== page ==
by Steve Johnson
San Jose Mercury News
December 25, 2013
This X-ray depicts
the hands of Amal Graafstra, founder of Dangerous Things.
He has had two radio
frequency identifier implants in his hands
which he uses to
unlock his car, computer and door to his Seattle home.
MCT: Courtesy of Amal
The move to outfit people with
that can be swallowed,
implanted or attached
could revolutionize the way
with devices and one another
The move to outfit people with
electronic devices that can be swallowed, implanted or attached to
skin could revolutionize health care and change the way people
interact with devices and one another.
It's likely the world in the not-so-distant future will be
increasingly populated by computerized people like Amal Graafstra.
The 37-year-old doesn't need a key or password to get into his car,
home or computer. He's programmed them to unlock at the mere wave of
his hands, which are implanted with radio frequency identification
The rice-size gadgets work so well, the
Seattle resident says, he's sold similar ones to more than 500
customers through his company Dangerous Things.
The move in the Bay Area and beyond to outfit people with electronic
devices that can be swallowed, implanted in their bodies or attached
to their skin via "smart tattoos" could revolutionize health care
and change the way people interact with devices and one another.
Critics call the trend intrusive, even
sacrilegious. But others say it ultimately will make life better for
Some researchers and executives envision
a day when devices placed in people will enable them to control
computers, prosthetic devices and many other things solely with
"In the next 10 to 20 years we will
see rapid development in bioengineered and man-machine
interfaces," predicted Graafstra, who wrote a book about the
technology, adding that the trend is going to "push the
boundaries of what it means to be human."
Companies and researchers are keenly
interested in the topic.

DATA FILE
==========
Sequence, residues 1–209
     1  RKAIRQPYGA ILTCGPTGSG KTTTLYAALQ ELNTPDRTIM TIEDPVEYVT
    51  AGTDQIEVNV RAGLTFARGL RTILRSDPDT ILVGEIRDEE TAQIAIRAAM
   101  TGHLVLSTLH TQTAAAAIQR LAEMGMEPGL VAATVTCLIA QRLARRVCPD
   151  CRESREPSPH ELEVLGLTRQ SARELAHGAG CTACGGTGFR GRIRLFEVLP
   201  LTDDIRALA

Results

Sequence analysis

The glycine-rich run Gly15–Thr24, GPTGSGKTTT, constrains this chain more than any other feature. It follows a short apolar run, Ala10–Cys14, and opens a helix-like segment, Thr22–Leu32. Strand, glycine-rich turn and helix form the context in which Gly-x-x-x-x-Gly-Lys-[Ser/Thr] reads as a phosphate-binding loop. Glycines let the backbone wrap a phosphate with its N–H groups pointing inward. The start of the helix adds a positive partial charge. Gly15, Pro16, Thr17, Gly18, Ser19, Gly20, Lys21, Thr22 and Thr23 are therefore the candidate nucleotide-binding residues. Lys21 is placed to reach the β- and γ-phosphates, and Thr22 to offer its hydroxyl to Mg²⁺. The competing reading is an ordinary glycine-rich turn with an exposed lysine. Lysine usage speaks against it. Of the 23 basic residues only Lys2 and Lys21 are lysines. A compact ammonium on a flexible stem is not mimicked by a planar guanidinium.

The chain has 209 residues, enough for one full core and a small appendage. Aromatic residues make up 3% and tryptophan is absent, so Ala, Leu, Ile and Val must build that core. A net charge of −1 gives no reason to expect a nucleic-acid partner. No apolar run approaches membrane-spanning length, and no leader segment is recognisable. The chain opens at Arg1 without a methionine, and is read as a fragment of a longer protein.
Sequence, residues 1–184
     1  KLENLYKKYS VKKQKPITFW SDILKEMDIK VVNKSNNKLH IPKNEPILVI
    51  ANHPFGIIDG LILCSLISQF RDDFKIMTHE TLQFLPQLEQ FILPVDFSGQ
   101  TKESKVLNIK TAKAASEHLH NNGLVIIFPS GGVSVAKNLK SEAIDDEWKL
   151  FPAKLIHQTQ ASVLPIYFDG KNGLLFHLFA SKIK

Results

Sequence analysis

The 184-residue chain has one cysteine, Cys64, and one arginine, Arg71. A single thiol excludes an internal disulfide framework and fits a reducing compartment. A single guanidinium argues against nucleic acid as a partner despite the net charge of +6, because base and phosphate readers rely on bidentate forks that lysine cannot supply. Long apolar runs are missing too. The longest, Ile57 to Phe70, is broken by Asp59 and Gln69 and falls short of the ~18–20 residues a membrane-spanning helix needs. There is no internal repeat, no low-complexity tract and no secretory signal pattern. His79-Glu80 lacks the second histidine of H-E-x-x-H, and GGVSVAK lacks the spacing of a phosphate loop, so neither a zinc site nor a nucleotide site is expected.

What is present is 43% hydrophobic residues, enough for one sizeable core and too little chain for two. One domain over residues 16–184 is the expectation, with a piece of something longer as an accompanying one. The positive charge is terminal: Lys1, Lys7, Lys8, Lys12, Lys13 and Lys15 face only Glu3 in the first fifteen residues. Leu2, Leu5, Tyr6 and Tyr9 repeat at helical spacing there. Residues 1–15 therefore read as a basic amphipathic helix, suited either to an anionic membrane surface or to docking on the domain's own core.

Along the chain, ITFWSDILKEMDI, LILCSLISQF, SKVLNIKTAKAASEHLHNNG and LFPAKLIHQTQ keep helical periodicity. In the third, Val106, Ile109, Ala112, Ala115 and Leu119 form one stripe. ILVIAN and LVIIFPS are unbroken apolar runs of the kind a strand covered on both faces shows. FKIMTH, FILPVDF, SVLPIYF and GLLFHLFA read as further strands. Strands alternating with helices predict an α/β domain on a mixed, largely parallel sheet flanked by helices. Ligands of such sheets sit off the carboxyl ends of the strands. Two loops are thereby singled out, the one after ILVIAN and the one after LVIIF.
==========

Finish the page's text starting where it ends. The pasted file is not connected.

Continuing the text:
In a patent application made public in November, Google's Motorola
Mobility branch proposed an "electronic skin tattoo" for the throat
- with a built-in microphone, battery and wireless transceiver -
that would let someone operate other devices via voice commands.
When asked, Google said it often seeks patents on employee
brainstorms and that, while,
"some of those ideas later mature
into real products or services, some don't."
But Google CEO Larry Page
apparently is intrigued with enhancing people electronically.
A 2011 book about the Mountain View
search giant quoted him saying,
"eventually you'll have an implant,
where if you think about a fact, it will just tell you the
technology proponent Amal Graafstra of Seattle
demonstrates how one
of the doors to his home can be unlocked
just by passing
either of his hands past a sensor which reads the signal
from a RFID chip
implanted in each of his hands.
MCT: Courtesy of Amal
Similar notions are under study by
others, including UC Berkeley researchers. In a scholarly paper
published in July, they proposed implanting people's brains with
thousands of tiny sensors they called "neural dust."
The idea initially is to have the little circuits gather detailed
data on brain functions.
But eventually, lead researcher
Dongjin Seo said, the electronic swarms may prove useful for,
"controlling devices via thought" or
stimulating malfunctioning brain regions to restore "limb motor
control for paralyzed patients."